Pulitzer Prizes Recognize Previously Anonymous Photo Winner

December 7, 2006

The Pulitzer Prize Board announced today that it will amend its records and award the 1980 Pulitzer Prize for Spot News Photography to Jahangir Razmi, an Iranian photographer.

Razmi, whose picture of a 1979 firing squad in Iran was published anonymously around the world, will be invited to receive his award at the May 21 luncheon at Columbia University next year when the 2007 Pulitzer Prize winners will be honored.

Razmi’s identity was revealed, with his consent, in a Wall Street Journal article by Joshua Prager on Dec. 2. Other pictures of the execution taken by Razmi were also published by the newspaper.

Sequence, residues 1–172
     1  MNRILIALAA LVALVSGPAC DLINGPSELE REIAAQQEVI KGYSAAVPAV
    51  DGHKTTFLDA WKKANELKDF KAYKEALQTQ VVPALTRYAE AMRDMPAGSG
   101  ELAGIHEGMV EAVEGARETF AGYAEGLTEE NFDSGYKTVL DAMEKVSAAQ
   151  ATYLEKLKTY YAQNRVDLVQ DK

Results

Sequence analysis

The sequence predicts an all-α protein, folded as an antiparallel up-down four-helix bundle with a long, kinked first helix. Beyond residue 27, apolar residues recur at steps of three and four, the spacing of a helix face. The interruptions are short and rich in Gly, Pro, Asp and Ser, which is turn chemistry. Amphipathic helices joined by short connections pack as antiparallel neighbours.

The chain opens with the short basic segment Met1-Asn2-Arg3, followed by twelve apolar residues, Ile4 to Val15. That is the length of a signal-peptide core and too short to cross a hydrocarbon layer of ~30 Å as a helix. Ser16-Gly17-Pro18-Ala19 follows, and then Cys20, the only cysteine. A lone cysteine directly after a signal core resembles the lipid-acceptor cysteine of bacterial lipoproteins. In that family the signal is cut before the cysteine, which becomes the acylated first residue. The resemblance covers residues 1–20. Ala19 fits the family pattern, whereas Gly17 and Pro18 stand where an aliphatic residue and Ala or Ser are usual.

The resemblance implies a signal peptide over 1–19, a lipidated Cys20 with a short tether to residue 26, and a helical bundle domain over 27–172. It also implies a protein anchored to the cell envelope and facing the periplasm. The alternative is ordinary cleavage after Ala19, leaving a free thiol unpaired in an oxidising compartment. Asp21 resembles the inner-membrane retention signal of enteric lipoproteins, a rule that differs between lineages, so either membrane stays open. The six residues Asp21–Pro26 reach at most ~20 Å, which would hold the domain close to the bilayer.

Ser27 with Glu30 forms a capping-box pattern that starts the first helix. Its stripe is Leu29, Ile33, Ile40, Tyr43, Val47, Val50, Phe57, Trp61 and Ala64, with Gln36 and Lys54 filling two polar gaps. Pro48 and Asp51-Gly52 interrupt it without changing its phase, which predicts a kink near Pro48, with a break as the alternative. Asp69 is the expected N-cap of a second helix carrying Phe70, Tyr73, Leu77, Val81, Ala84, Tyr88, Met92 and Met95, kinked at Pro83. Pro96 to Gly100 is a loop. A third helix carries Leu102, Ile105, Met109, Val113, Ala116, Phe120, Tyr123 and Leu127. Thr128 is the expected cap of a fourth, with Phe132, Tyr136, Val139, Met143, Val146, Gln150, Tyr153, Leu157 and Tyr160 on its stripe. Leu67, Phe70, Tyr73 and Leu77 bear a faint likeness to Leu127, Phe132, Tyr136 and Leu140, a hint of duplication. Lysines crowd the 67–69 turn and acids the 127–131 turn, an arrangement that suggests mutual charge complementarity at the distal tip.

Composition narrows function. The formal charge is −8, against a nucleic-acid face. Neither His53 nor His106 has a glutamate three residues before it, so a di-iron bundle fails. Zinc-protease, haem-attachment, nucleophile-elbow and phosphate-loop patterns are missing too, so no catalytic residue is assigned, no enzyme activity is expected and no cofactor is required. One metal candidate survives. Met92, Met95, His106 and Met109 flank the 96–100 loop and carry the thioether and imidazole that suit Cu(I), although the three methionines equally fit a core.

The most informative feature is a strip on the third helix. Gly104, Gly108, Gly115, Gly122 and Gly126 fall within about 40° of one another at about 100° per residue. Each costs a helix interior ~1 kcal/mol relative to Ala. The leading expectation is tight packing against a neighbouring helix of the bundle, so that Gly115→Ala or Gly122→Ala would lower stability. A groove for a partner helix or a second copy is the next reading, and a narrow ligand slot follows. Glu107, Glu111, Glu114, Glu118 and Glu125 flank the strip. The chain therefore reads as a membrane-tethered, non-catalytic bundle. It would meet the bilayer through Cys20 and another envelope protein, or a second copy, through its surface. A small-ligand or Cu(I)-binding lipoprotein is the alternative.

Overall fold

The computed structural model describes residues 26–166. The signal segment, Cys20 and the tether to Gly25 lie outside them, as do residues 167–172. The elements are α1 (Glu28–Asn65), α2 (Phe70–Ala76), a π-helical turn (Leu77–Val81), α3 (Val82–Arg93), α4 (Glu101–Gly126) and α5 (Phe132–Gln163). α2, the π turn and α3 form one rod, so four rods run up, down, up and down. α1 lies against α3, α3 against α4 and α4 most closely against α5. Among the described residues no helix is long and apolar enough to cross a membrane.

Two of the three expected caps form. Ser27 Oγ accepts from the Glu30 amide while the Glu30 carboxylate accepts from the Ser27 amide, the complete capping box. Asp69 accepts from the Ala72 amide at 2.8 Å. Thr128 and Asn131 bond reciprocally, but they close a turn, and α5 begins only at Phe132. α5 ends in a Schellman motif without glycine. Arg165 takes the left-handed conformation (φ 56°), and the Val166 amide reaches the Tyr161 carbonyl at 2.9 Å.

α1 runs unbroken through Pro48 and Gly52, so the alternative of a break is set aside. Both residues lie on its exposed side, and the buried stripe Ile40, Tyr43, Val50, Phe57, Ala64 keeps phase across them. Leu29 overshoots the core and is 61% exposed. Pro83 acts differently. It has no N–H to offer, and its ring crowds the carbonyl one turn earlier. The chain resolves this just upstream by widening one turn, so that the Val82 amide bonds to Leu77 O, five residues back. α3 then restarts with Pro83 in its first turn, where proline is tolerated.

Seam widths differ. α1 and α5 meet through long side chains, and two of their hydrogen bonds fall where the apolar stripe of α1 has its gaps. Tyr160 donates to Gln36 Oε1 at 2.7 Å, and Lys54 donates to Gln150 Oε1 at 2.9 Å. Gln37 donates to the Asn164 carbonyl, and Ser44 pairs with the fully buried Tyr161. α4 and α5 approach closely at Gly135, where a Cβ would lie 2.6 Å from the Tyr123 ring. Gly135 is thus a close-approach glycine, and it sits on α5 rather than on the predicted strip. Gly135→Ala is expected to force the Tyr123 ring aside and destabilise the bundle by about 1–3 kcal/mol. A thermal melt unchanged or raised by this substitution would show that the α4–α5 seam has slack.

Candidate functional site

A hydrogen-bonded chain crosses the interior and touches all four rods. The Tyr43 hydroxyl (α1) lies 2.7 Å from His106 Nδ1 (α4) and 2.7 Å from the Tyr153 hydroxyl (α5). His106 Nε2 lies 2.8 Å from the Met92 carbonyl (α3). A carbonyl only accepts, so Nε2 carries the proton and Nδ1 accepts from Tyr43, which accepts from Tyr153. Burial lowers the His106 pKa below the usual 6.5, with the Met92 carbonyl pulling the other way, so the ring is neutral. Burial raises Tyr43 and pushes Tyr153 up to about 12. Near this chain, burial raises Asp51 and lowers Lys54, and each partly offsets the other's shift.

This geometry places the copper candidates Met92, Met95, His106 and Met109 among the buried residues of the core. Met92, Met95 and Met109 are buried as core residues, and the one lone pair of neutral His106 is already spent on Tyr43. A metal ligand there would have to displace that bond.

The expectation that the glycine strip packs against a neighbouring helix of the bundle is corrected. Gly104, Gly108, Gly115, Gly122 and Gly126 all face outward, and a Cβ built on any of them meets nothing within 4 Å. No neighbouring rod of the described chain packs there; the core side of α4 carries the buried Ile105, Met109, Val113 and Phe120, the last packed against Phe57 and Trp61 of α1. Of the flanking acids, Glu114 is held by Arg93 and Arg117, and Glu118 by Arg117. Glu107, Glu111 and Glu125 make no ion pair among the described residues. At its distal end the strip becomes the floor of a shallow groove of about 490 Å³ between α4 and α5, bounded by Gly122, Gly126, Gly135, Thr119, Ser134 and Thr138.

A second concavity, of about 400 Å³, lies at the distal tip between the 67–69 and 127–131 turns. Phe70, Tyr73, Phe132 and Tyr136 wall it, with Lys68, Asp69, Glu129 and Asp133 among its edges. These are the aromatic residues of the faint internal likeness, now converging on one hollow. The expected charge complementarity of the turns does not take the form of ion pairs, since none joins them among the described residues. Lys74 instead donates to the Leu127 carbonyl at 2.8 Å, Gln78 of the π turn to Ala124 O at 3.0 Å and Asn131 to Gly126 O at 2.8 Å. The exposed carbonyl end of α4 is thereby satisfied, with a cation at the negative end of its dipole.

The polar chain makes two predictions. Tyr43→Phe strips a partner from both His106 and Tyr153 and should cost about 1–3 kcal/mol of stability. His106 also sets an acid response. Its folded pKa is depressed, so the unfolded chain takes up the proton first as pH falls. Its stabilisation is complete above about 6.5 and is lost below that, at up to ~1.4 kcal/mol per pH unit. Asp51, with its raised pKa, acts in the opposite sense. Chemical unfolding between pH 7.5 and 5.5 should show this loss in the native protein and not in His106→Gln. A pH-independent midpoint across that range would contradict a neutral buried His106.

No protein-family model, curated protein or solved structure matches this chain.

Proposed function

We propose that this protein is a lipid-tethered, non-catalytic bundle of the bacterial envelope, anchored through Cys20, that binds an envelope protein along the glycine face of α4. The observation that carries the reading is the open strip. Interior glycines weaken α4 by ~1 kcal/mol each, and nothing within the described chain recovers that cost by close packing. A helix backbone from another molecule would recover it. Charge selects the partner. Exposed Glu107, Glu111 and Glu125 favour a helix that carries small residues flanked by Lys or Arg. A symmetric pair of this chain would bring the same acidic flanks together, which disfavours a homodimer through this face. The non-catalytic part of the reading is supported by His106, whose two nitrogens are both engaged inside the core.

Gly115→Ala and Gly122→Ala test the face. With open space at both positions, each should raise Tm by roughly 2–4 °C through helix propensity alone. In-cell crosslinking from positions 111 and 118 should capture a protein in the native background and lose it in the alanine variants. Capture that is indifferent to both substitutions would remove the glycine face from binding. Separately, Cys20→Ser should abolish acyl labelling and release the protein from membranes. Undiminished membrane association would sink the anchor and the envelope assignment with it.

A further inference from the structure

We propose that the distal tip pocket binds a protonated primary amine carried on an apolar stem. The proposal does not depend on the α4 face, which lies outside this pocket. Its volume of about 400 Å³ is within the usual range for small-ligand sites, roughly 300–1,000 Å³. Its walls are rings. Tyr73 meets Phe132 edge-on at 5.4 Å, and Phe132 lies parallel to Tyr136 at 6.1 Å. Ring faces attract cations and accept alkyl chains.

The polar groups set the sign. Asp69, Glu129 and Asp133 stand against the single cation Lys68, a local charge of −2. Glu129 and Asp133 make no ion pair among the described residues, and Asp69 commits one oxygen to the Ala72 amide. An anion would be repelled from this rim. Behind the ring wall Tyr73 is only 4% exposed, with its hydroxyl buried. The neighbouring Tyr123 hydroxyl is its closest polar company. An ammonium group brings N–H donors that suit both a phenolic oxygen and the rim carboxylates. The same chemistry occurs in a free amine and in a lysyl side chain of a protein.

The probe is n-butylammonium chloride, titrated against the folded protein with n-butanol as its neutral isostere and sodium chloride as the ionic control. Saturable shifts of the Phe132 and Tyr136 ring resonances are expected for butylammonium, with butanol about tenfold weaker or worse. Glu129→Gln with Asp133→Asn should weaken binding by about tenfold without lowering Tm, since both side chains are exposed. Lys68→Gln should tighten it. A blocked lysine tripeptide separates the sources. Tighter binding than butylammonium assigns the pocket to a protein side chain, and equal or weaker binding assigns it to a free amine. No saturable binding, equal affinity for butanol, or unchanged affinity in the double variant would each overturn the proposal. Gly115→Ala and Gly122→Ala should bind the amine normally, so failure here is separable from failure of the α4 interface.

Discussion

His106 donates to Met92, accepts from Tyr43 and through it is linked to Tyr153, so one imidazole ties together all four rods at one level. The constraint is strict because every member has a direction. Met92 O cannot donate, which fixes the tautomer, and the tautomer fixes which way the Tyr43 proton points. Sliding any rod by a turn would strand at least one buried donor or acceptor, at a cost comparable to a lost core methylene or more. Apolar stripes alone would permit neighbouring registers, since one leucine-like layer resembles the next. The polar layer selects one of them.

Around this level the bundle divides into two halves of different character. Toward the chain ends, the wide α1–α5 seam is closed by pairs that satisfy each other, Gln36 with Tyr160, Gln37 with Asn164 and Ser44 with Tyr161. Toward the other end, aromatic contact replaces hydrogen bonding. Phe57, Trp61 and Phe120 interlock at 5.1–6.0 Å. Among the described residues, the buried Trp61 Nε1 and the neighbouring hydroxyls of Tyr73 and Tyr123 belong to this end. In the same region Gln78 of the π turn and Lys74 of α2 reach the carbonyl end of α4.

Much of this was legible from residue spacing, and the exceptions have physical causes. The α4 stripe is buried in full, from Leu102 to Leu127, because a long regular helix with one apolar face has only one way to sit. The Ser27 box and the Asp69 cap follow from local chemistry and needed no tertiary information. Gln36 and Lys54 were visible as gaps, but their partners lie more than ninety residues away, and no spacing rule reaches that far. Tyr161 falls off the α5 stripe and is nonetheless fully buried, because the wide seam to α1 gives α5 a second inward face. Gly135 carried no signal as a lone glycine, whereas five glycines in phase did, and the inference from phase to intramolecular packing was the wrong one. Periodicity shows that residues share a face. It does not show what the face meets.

A Pulitzer Board committee, after its review of the Prager story and the photographic evidence and its further investigation of the matter, concluded that Razmi was clearly the photographer.

“When we made an anonymous award for the first time in our history, we had hoped that the name would emerge,” said Sig Gissler, administrator of the Pulitzer Prizes. “We are very pleased that, after 26 years, we can close the gap and honor a worthy recipient for an iconic image.”

Razmi will receive a certificate of award and a cash prize of $10,000, which is the current value of the award.

When the photograph was first published in August of 1979 in an Iranian newspaper, the editor withheld Razmi’s identity because he was concerned for the photographer’s safety, the Wall Street Journal story reported.

The picture, with the photographer unnamed, was subsequently circulated by United Press International.

The 2007 Pulitzer Prizes will be announced on April 16. Columbia administers the prizes after their determination by the Pulitzer Board.